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Easily one of the best all-around professional athletes, Jackson became a major marketing star in both baseball and football. His versatility led Nike to a new level, releasing the popular "Bo Knows…" advertising campaign, which cashed in on his athleticism in two (and more) sports.
After winning the Heisman Trophy and TSN College Football Player of the Year in 1985, Jackson opted to sign with the Kansas City Royals instead of the NFL's Tampa Bay Buccaneers. He joined the Royals after just 53 games in the minors and, while showing speed and power, he struck out frequently and displayed questionable defense.
After showing improvement in 1987 with 22 HR despite 158 strikeouts, Bo announced his plan to play football in the off-season with the Raiders as "a hobby," a move initially not appreciated by Kansas City players or fans. In 1988 Jackson slammed 25 homers and stole 27 bases but still struck out 146 times. However, in 1989 he finally raised his batting average, to .256, hit 32 HR with 105 RBI, and used his speed and strong arm to become one of the most exciting left fielders in baseball. That same year, Jackson was named to the American League All-Star team, and proceeded to win the MVP Award of the game, after bashing a titanic home run off the Giants' Rick Reuschel. When the baseball season ended, Jackson returned to the Raiders in full force, and was named to the Pro Bowl just five months after playing the Major League Baseball All-Star game.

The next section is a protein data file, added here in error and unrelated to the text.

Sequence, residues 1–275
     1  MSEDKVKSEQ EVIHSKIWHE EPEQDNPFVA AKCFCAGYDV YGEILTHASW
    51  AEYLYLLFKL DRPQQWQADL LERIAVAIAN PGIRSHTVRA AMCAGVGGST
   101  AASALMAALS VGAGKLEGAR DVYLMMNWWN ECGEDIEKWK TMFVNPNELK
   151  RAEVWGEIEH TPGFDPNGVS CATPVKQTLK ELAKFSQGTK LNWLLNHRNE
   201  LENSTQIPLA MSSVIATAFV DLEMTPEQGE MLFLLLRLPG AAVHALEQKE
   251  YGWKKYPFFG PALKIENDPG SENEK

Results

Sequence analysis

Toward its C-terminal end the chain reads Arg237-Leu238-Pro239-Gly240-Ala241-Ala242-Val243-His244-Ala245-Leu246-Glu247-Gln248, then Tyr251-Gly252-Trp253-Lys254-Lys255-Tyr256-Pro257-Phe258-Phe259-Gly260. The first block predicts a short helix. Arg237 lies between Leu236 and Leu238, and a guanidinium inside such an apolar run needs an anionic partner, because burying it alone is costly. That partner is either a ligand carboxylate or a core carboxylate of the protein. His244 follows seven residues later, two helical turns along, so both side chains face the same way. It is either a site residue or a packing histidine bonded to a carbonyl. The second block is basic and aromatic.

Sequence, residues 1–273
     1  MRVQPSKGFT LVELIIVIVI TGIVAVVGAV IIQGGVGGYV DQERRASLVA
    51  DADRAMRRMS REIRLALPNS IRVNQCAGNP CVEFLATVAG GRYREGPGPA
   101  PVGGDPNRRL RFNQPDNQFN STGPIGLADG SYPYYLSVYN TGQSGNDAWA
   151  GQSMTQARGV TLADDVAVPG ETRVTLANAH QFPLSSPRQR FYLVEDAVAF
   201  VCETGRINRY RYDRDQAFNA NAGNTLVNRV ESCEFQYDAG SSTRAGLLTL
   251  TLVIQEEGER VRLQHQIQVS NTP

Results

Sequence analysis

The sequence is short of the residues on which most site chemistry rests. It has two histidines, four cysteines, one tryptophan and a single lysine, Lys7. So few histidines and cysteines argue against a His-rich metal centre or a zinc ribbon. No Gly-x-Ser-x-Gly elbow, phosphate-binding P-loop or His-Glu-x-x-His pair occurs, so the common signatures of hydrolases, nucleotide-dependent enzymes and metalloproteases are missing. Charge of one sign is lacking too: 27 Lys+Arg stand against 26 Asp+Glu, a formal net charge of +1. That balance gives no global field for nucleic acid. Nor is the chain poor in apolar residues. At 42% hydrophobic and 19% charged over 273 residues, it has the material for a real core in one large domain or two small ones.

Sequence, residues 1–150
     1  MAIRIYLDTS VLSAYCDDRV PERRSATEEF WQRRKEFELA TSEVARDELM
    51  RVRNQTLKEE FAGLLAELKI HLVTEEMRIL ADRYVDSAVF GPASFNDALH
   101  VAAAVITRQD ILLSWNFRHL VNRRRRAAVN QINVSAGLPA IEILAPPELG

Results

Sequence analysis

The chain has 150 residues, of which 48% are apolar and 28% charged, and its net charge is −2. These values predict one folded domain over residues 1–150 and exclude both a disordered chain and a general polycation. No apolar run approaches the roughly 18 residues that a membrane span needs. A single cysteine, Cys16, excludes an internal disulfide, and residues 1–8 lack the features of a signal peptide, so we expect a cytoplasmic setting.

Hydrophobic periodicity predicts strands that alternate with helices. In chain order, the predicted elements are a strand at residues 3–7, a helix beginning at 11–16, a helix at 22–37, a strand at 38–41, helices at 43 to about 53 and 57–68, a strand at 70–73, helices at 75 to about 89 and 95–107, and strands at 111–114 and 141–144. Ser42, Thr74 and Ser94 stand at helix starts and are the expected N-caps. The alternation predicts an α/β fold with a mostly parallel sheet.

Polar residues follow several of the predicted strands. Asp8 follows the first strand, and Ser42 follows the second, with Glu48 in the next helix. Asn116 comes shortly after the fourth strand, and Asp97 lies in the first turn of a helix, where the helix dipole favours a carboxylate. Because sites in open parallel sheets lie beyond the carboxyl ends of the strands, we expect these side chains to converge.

Unfortunately, Jackson would never make it to Hawaii for the Pro Bowl. In January 1991, he injured his hip in an NFL playoff game, requiring the two-sport athlete to undergo surgery. It was that injury that led the talented athlete to end his football career, and ultimately his baseball career.
Attempting to make a return to baseball in 1991, Jackson was waived by the Royals in spring training and picked up by the Chicago White Sox. But by now, the hip injury had worsened to a condition called avascular necrosis, when the hip --both the cartilage and the bone-- begins to deteriorate. It had eroded so much that Jackson batted only .225 over 23 games for the Sox. The next year, he underwent hip replacement surgery and was forced to miss the entire 1992 baseball season. With a new hip in place, it was unlikely that Jackson would ever play professional sports again.
But in a remarkable display of his athletic fortitude, Jackson made the White Sox roster the following season, and in his first at-bat back in the majors, slugged a pinch-hit home run on April 9, 1993, off the Yankees' Neal Heaton. That homer would be one of the few highlights left for Jackson. Following the '93 campaign, in which he batted .232 over 85 games, the White Sox released him. Jackson signed on with the California Angels, but it became clear that his hip transplant would not allow him to regain the speed that once made him unstoppable. Despite his desire to play on, Jackson had to succumb to the degenerative hip problem, and retired midway through the 1994 season. (FO/AG)